24th -31st August.
Her Majesty Queen Margrethe II.
Hans Bekker-Nilsen, Ole Klindt-Jensen, Olaf Olsen.
Secretary: Lene Bateman.
Delegates of the Congress:
Carl Johan Becker and Birgit Becker, København; Hans Bekker-Nielsen and Else Bekker-Nielsen, Odense; Mogens Bencard, Ribe; Kirsten Bendixen, København; Tage E. Christiansen, København; Ole Crumlin-Pedersen, Roskilde; P. V. Glob, København; Gillian Fellows Jensen, København; Jørgen Højgaard Jørgensen, København; Ole Klindt-Jensen and Tove Klindt-Jensen, Århus; Jonna Louis-Jensen, København; Niels Lund, København; Hans Jørgen Madsen, Århus; Olaf Olsen, Århus; Rikke Agnete Olsen, Århus; Thorkild Ramskou, København; Else Roesdahl, Århus; Claus Bech Skadhauge, Odense; Inge Skovgaard-Petersen, København; Christen Leif Vebæk and Mâliâraq Vebæk, København.
Sverri Dahl, Tórshavn; Jóhan Hendrik W. Poulsen, Tórshavn; Arne Thorsteinsson and Elisabeth Thorsteinsson, Tórshavn.
Jakob Benediktsson and Grethe Benediktsson, Reykjavík; Ólafía Einarsdóttir, København; Bjarni Einarsson and Sigrún Hermannsdóttir, Reykjavík; Gísli Gestsson and Guðrún Sigurðardóttir, Reykjavík; Bjarni Guðnason, Reykjavík; Ólafur Halldórsson and Aðalbjörg V. Karlsdóttir, Reykjavík; Jónas Kristjánsson and Sigríður Kristjánsdóttir, Reykjavík; Þór Magnússon, Reykjavík; Jón Steffensen, Reykjavík; Björn Þorsteinsson and Guðrún Guðmundsdóttir, Reykjavík.
Donnchadh Ó Corráin, Cork; Michael Dolley, Belfast; Breandán Ó Ríordáin, Dublin; Seán Sweeney and Valerie Sweeney, p.t. Tórshavn.
Egil Bakka, Bergen; Charlotte Blindheim, Oslo; Martin Blindheim, Oslo; Olav Bø, Oslo; Reidar Djupedal, Trondheim; Signe Horn Fuglesang, Oslo; Einar Haugen and Eva Lund Haugen, Oslo; Knut Helle, Bergen; Erla Bergendahl Hohler, Oslo; Erling Johansen, Fredrikstad; Sigrid Hillern Hansen Kaland, Bergen; Aslak Liestøl, Oslo; Sverre Marstrander, Oslo; Magne Oftedal and Eli Oftedal, Oslo; Kolbjørn Skaare, Oslo.
Bertil Almgren and Inga Almgren, Uppsala; Björn Ambrosiani, Stockholm; Kristina Ambrosiani, Stockholm; Birgit Arrhenius, Stockholm; Gösta Berg, Stockholm; Johan Callmer, Lund; Anne-Sofie Gräslund, Uppsala; Ingmar Jansson, Uppsala; Valter Jansson, Uppsala; Anna Larsson, Uppsala; Else Nordahl, Uppsala; Dag Strömbäck, Uppsala; Börje Tjäder, Uppsala.
Michael Barnes, London; Alan Binns, Hull; Iain A. Crawford and Imogen Robinson, Cambridge; Stewart Cruden and Elizabeth Cruden, Edinburgh; Christine E. Fell, Nottingham; Peter Foote, London; James Graham-Campbell, London; Christopher Hohler, London; John R. Hunter, Bradford; Dafydd Kidd, London; Sean McGrail, Greenwich; Christopher D. Morris, Durham; Raymond Ian Page, Cambridge; Peter Sawyer and Mary Fraser Hay, Leeds; Alan Small, Dundee; Leslie E. Webster, London; David M. Wilson, London.
Sites, churches and museums in Århus, Venge, Viborg, Fyrkat, Aggersborg, Lindholm Høje and Samsø.
The Danish Research Council for the Humanities, the Tuborg Foundation, Den danske Provinsbank, Handelsbanken and Privatbanken; The Town Council of Århus, the Town Council of Viborg and its Cultural Committee, and the proprietors and editors of Skalk, and Aalborg historiske Museum.
Each Viking Congress conducts its proceedings in unique circumstances, and the publications that enshrine those proceedings have their consequent vagaries. As Editors of these Moesgård memorials we would not wish to be exceptional and we note that the present volume differs from its predecessors in two ways. On the one hand, it is the largest and most lavishly illustrated set of transactions ever to emerge from a Viking Congress; and on the other, it has taken longer to produce than any earlier collection. An artful sense of timing has, however, arranged for publication on the eve of the Ninth Viking Congress, to ensure that those who attend the gathering in the Isle of Man are not without guidance and pastime.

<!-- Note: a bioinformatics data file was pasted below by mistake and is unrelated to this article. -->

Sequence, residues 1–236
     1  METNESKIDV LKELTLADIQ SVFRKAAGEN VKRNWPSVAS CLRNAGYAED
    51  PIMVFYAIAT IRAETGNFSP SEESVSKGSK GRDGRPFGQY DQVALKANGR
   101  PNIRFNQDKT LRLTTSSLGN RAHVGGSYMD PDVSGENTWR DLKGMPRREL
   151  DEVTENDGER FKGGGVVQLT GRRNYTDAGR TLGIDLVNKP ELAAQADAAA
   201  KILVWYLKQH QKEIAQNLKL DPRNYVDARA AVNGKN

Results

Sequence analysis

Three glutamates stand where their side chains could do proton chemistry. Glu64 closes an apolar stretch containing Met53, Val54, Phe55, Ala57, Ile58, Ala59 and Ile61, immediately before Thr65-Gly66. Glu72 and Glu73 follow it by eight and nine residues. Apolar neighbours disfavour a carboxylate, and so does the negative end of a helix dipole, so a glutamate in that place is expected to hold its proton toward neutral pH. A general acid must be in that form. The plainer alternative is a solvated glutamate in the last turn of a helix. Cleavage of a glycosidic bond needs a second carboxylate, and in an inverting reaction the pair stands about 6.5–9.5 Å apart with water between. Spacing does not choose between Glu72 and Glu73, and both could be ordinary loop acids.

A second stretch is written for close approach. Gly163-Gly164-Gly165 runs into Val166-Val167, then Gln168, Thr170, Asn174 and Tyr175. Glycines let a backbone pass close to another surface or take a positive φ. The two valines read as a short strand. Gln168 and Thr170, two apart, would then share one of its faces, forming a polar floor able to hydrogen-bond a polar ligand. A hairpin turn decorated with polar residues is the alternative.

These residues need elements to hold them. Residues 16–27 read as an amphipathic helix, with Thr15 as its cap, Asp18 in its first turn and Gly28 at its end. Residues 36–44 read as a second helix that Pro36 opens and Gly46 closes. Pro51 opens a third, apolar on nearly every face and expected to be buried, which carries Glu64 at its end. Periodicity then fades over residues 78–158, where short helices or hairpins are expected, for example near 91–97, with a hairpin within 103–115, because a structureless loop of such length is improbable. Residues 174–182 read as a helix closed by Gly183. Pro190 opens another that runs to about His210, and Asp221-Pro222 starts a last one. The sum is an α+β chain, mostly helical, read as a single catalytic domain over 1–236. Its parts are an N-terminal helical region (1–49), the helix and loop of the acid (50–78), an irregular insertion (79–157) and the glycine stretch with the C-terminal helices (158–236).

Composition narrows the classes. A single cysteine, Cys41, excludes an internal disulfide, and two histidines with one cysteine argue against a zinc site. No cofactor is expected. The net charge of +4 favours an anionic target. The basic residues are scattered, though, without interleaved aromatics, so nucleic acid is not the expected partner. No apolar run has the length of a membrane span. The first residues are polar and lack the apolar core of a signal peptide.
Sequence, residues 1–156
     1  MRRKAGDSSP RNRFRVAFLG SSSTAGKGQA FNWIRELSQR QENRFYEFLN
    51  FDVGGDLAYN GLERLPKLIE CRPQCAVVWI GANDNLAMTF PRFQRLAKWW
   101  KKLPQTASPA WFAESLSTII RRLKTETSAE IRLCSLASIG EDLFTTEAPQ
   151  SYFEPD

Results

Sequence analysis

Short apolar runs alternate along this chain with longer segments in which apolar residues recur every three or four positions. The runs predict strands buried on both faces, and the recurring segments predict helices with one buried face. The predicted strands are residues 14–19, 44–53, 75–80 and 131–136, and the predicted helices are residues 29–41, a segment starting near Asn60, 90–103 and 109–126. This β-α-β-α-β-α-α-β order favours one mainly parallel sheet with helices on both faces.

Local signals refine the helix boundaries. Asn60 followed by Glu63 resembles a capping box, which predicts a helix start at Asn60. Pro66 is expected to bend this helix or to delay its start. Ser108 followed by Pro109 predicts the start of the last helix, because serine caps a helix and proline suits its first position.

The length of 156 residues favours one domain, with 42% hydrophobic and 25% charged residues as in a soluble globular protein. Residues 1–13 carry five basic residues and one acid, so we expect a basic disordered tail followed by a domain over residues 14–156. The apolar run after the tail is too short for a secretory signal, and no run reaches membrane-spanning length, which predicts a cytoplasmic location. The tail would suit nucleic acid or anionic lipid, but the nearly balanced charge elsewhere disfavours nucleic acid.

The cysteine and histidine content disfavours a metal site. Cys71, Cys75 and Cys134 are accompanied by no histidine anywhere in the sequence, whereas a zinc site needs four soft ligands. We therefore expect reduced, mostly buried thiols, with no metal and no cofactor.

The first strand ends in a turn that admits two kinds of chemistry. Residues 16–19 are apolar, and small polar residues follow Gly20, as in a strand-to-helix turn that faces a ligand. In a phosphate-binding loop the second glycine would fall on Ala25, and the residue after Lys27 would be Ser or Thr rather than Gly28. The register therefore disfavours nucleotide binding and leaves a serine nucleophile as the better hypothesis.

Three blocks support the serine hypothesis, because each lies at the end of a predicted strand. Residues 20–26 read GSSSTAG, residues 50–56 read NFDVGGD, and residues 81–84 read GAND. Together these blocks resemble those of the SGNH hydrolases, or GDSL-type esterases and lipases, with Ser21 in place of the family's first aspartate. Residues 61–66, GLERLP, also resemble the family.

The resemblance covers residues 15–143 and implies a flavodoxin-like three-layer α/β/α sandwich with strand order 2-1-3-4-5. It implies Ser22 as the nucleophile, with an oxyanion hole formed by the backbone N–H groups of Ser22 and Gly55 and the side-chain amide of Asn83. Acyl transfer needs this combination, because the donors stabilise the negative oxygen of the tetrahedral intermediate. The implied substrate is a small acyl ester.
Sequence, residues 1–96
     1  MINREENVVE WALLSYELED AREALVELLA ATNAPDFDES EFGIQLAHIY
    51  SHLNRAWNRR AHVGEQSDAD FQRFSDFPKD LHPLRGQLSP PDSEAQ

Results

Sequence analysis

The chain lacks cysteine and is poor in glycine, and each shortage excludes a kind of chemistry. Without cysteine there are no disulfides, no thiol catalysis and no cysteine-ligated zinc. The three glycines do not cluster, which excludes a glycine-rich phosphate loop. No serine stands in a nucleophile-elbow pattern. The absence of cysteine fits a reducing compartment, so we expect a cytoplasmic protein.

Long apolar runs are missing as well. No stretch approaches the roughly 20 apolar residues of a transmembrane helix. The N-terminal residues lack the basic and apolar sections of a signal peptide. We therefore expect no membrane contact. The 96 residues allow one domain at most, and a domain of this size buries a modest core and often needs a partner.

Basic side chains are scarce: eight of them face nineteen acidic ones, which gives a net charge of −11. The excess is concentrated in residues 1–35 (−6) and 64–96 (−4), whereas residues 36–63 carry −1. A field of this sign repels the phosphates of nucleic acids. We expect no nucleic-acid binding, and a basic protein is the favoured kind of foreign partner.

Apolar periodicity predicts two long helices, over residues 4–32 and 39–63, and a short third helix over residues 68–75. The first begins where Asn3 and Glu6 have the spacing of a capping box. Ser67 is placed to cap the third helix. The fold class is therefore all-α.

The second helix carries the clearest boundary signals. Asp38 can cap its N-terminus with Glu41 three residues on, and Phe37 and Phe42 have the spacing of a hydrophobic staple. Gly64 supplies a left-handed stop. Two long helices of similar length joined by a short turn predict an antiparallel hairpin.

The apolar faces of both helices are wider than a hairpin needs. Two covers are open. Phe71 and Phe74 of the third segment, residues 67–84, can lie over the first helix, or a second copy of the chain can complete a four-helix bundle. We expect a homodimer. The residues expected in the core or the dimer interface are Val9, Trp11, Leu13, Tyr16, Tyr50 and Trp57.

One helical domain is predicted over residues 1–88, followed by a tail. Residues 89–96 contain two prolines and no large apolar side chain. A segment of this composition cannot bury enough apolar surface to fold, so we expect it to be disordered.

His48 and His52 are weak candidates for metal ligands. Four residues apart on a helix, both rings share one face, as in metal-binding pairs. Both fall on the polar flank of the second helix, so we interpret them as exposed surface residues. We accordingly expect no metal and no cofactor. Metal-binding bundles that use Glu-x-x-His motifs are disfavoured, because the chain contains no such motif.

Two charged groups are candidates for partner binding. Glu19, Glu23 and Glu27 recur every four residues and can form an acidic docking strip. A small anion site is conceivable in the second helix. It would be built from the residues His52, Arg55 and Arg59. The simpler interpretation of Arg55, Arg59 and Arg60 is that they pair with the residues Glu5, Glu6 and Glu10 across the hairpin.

But in such an interval time takes its toll. We have deaths to recall, of members we would most unwillingly have seen resign. Ole Klindt-Jensen, Professor of Nordic Archaeology and European Prehistory in the University of Århus and senior member of the Moesgård Organising Committee, died on 13 June 1980; and Dag Strömbäck, Emeritus Professor of Nordic and Comparative Folklore in the University of Uppsala and doyen of the Viking Congress – he had attended all but one of them – died on 1 December 1978.
Hinn er sæll,
er sér um getr
lof ok líknstafi –
such were both Ole and Dag, and we gratefully dedicate this book to their memory.
We have many obligations to acknowledge on behalf of Congress members: first to Her Majesty Queen Margrethe II for her gracious patronage; second to numerous organisations and institutions for their generous financial support, preeminently the Danish Research Council for the Humanities, the Tuborg Foundation, Den danske Provinsbank, Handelsbanken and Privatbanken; and third to the administrative and domestic staff of Moesgård and Unge Hjems Højskole.
Warmest thanks must further go to the Lord Mayor and Town Council of Århus, the Town Council of Viborg and in particular its Cultural Committee, and the proprietors and editors of Skalk, all of whom provided delightful hospitality; to the cooks and everyone responsible for the memorable spit-roast feast arranged by Aalborg historiske Museum; to the key-bearers and curators who welcomed us at churches, sites and collections in Århus, Venge, Viborg, Ålborg, Samsø, Roskilde, Ladby, Jelling, Åbenrå and Slesvig; and to the Congress members and other colleagues who gave us expert guidance at Viborg, Fyrkat, Aggersborg, Lindholm Høje, Ravning Enge, Samsø, Roskilde, Jelling, Schloss Gottorp, Hedeby, Danevirke and Ribe. Finally, we should record our special thanks to Lene Bate-man, the indefatigable secretary of the Congress, and to Ulla Engberg, the assistant secretary.
Without munificent subvention from the Research Council these Proceedings would not have appeared, and we must also express our gratitude to the Managing Directors of Odense University Press (Torkil Olsen, succeeded by Jørgen Thomsen) and their Board in giving the volume a place in the series of Mediaeval Scandinavia Supplements. We wish to thank Hans Langballe, who designed the format of the book, and Karen Bekker-Nielsen for help with proofreading and other editorial chores.